MIDI - yeah, you kind of have it right. It’s a MIDI type 0 file, and channel 10. But a BB file is not really a MIDI type 0 file, since the information on it is all in one channel. The BB works like a sampler. You put samples into it, and trigger them with playback from the notes that the sample is assigned to. Unlike a standard keyboard which may have up to 88 keys, the BB gives you access to the full 128 locations in MIDI, normally called C minus 2 to G 8, or MIDI 0 through 127.
So, when we have a bass assigned to midi 0 through 31, C-2 through G0, the bass is not playing back C-2 through G0. Jeez, that would be awfully low. No, the bass plays back, usually C1 through G3, the equivalent of what is on an electric bass. It does that, because those samples have been recorded and assigned to those notes. The BB only play back the samples that it is given, it does not make octave transpositions on its own, or take a sample and be able to move it up or down from its original recorded location. In that sense, when using a 0 through 31 kit, the BB is made to work on something or the order of a split keyboard. Bass is assigned 0 through 31, drums to 34 through 71, for example, and maybe a keyboard at 72 through 127. But, only the drums are in their normal locations. The sounds being plaedy back at the higher and lower end of the midi range are sounds that have been assigned to those notes, and are typically octaves higher and lower than what the assigned midi note would play, were it just playing a keyboard.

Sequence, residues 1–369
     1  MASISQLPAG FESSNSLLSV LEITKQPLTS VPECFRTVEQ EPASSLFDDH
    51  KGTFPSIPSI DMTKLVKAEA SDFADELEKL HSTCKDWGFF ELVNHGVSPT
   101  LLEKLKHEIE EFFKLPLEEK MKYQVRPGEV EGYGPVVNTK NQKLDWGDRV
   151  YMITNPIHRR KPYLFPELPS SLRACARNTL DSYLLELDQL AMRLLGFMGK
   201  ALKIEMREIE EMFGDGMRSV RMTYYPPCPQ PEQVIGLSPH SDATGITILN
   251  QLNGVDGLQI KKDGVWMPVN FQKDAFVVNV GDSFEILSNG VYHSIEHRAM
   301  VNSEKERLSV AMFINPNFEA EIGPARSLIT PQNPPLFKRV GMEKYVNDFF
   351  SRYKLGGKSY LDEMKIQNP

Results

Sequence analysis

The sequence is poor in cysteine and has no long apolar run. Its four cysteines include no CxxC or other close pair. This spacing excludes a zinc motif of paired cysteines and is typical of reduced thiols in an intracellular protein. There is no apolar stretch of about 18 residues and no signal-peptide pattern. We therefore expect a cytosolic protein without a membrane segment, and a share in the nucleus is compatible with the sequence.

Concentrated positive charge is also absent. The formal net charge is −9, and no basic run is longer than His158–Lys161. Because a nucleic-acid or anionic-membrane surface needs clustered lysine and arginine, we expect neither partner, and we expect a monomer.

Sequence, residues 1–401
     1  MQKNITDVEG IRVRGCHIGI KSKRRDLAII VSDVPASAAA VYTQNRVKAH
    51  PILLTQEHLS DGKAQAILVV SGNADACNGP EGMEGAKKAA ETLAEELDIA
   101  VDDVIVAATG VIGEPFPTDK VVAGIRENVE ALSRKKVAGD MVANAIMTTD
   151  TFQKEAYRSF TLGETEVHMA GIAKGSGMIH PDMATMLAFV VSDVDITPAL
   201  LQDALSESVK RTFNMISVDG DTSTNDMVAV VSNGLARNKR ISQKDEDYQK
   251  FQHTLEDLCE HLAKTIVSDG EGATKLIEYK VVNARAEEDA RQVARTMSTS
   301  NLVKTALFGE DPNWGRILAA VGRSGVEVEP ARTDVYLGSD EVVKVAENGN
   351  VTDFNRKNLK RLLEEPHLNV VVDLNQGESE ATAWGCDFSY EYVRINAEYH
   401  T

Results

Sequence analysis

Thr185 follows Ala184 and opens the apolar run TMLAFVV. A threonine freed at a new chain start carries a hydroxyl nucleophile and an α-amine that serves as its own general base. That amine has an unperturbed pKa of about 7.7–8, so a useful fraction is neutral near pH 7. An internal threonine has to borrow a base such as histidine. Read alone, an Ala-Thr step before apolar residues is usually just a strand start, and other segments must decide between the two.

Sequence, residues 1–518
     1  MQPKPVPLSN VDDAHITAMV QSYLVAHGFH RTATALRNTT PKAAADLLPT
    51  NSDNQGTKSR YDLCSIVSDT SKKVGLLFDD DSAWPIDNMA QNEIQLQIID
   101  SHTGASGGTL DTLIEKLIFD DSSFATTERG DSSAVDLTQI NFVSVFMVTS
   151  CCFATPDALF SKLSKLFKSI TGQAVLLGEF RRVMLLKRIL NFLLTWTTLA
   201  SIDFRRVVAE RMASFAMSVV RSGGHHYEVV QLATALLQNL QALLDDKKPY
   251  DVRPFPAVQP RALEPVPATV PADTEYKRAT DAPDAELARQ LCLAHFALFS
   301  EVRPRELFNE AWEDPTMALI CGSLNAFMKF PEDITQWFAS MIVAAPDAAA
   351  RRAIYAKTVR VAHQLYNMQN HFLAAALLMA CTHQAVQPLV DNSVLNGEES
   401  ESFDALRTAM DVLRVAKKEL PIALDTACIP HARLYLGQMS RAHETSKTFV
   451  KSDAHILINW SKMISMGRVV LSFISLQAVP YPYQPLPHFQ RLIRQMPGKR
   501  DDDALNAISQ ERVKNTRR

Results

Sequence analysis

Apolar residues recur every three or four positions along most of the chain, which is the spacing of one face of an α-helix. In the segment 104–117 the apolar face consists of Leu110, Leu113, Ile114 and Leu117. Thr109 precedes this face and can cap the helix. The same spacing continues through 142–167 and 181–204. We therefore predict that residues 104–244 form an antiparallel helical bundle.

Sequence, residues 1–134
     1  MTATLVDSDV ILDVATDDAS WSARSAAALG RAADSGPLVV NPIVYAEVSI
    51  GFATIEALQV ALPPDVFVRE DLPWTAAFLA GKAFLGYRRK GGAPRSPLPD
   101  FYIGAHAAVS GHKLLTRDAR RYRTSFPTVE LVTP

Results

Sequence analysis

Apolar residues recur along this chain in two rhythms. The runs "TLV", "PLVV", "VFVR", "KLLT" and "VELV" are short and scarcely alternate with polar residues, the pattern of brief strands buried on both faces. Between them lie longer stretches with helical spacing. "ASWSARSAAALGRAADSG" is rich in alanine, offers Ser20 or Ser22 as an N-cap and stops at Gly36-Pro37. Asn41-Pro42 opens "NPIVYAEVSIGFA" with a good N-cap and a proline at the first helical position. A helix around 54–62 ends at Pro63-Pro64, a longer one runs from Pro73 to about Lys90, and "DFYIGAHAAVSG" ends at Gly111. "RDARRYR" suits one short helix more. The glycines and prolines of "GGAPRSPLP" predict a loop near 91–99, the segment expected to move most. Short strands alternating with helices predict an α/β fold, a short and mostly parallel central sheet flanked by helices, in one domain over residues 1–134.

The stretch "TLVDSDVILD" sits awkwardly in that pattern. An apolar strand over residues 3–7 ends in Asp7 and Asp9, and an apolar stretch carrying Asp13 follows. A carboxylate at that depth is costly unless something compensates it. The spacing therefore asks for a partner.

All that is to explain why when creating a “with bass” song for the BB you have to do two things after you have your bass and drums sounds correct in the original creating software. 1) You have to move the bass up or down the required number of octaves to match the BB kit that you intend to use; and 2) you need to merge the bass and drum tracks into one track. Now, this track does not need to be on midi channel 10. Midi channel 10 is traditionally assigned to drum parts, but as far as the BB is concerned, when it gets a track all on one channel, it cares not what the channel is.
I’d recommend you try this to merge your tracks. First, create a new blank track. Then, copy your bass track, paste it into the blank track, and move all those notes down 3 octaves. Then, copy all the notes in your drum track. Paste those into the new track.
If possible, export just that track. If your software cannot do that. Save your work with a unique identifying name. Then delete the two tracks that contain the original drum and bass parts. Export what it left (It should be just your merged track) as a midi file.
Load that track into a BB sng. Try it out with a 0-31 kit.